Nov 3 (Reuters) - Hurricane Eta was due to slam into Nicaragua’s Caribbean coast on Tuesday morning, hitting one of the country’s poorest areas, while heavy rains across Central America stoked fears of deadly floods.
Eta, an “extremely dangerous” Category 4 hurricane on the five-step Saffir-Simpson scale, was set to lash northern Nicaragua with “catastrophic” winds as it reaches land, the U.S. National Hurricane Center (NHC) said.
According to the latest NHC forecast, winds could reach up to 150 miles per hour (240 kph) by the time Eta makes landfall in coming hours, NHC said.
The storm is primed to hit the port city of Puerto Cabezas, in the northern indigenous regions that are some of Nicaragua’s poorest. Many people in surrounding areas live in wooden homes that stand little chance against such a powerful storm.
By 3 a.m. local time in Nicaragua on Tuesday (0400 ET), Etna was 25 miles (40 km) east of Puerto Cabezas, churning west-southwest at five mph and blowing sustained winds of 150 mph, the NHC added.
Some in Nicaragua are bracing for bad news. Late on Monday, Javier Plat, a local Catholic priest, told Reuters there was a city-wide power outage and government-arranged shelters had reached capacity.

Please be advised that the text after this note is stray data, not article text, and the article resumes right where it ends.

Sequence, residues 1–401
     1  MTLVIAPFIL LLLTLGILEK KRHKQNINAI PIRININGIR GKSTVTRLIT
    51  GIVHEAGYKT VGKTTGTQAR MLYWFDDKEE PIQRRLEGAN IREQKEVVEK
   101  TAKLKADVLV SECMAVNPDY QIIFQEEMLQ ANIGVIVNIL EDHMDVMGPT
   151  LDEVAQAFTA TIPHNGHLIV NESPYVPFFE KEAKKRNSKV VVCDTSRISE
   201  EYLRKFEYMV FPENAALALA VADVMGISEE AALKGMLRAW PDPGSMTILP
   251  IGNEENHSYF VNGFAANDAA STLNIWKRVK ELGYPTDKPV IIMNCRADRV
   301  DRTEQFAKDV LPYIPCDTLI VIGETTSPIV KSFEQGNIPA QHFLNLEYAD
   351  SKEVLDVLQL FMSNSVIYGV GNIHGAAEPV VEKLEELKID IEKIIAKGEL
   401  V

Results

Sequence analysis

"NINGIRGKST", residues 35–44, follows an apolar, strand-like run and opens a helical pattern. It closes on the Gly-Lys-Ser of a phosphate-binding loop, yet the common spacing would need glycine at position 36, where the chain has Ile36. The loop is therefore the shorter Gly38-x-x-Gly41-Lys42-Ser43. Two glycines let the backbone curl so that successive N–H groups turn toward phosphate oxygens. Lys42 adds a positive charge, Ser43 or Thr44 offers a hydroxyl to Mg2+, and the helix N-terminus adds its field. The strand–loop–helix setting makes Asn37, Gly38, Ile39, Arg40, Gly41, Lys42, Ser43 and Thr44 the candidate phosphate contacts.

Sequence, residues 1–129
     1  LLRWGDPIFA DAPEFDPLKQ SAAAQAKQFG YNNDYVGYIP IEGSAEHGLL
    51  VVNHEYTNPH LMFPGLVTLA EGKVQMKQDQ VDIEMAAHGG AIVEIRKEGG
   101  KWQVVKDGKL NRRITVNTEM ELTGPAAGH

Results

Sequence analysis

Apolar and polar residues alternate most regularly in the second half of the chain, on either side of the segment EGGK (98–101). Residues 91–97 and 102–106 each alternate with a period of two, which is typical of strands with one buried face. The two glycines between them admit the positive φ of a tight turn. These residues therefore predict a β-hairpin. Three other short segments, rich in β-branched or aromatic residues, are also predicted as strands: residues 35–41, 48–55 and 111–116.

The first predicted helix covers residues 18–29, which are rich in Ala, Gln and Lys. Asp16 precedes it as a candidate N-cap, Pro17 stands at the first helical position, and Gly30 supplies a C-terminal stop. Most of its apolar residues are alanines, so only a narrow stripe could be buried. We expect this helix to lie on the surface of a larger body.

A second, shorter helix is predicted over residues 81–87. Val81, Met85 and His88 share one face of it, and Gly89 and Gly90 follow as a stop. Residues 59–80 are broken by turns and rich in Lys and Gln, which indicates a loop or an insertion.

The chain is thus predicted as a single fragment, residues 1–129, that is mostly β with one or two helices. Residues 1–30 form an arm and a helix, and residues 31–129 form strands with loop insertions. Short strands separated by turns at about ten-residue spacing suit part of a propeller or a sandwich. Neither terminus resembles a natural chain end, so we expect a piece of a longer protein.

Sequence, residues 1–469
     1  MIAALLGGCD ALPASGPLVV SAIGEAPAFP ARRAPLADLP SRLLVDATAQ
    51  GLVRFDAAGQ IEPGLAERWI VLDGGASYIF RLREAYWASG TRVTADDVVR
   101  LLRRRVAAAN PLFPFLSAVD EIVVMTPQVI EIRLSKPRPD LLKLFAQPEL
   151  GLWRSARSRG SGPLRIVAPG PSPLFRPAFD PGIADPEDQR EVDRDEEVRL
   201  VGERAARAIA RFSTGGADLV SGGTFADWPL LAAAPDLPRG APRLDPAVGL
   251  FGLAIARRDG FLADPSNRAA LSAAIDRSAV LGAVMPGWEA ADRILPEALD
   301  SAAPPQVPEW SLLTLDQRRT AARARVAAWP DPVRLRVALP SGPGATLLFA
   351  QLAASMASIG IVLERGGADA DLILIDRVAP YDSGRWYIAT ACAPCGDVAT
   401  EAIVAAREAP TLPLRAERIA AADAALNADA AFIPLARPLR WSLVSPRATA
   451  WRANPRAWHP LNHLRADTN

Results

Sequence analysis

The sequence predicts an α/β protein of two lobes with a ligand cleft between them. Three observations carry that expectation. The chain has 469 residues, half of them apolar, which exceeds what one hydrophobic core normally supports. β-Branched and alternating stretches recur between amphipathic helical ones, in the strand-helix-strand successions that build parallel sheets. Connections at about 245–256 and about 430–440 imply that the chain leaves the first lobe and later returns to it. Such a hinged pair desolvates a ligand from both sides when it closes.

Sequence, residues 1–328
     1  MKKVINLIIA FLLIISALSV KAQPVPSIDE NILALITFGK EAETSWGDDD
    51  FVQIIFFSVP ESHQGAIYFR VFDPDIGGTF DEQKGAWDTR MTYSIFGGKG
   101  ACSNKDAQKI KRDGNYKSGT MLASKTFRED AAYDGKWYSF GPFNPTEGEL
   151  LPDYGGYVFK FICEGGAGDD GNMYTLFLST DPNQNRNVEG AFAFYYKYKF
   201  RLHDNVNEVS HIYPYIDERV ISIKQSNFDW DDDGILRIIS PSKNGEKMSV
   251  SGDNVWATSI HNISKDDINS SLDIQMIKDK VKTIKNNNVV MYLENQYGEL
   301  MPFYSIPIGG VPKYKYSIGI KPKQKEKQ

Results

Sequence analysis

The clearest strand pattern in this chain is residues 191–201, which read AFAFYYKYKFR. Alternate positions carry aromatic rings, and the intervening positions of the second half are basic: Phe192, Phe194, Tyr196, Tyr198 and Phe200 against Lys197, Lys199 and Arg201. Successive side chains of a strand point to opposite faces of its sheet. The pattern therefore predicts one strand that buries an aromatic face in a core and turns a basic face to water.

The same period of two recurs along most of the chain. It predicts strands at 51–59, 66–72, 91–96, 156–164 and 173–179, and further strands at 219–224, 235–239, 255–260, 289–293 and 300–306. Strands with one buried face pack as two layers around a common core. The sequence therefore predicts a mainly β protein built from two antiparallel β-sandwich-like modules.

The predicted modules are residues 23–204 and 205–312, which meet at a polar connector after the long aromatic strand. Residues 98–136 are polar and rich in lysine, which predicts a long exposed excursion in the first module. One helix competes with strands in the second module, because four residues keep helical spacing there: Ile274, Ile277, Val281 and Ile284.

“This city of 70,000 people is very vulnerable. We have houses made of wood and adobe, the infrastructure of the residential houses is our main vulnerability,” Plat told Reuters.
Nicaragua on Monday evacuated at least 3,000 families, including fishermen who live in the most vulnerable villages on the Atlantic coast, Nicaraguan officials said.
The storm is forecast to move inland over northern Nicaragua through Wednesday morning and then hit central Honduras on Thursday. Once it clatters into the mountains of Nicaragua and Honduras, it should weaken rapidly, NHC said.
The NHC had warned that “life-threatening storm surge, catastrophic winds, flash flooding and landslides” were expected across chunks of Central America.
Eta is one of the most powerful hurricanes to hit Nicaragua in years and may test President Daniel Ortega, who presides over one of the poorest countries in the Americas.
Ortega’s government had issued red alerts in several regions in the path of the hurricane. On Monday, several ports in neighboring Honduras, where the government had carried out evacuations, were forced to shut amid reports of floods.
El Salvador also evacuated citizens as a precaution.
Eta is the 28th named tropical storm of the 2020 Atlantic hurricane season, tying an all-time record set in 2005, the NHC’s Tropical Analysis and Forecast Branch said. (Reporting by Ismael Lopez, Nelson Renteria and Gustavo Palencia; Writing by Drazen Jorgic)
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